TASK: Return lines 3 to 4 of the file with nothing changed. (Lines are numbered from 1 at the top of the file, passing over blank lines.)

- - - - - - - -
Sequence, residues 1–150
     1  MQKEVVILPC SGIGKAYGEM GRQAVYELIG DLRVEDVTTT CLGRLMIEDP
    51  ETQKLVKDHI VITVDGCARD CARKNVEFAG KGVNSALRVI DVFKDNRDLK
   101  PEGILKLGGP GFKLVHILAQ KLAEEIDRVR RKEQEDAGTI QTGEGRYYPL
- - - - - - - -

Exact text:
    51  ETQKLVKDHI VITVDGCARD CARKNVEFAG KGVNSALRVI DVFKDNRDLK
   101  PEGILKLGGP GFKLVHILAQ KLAEEIDRVR RKEQEDAGTI QTGEGRYYPL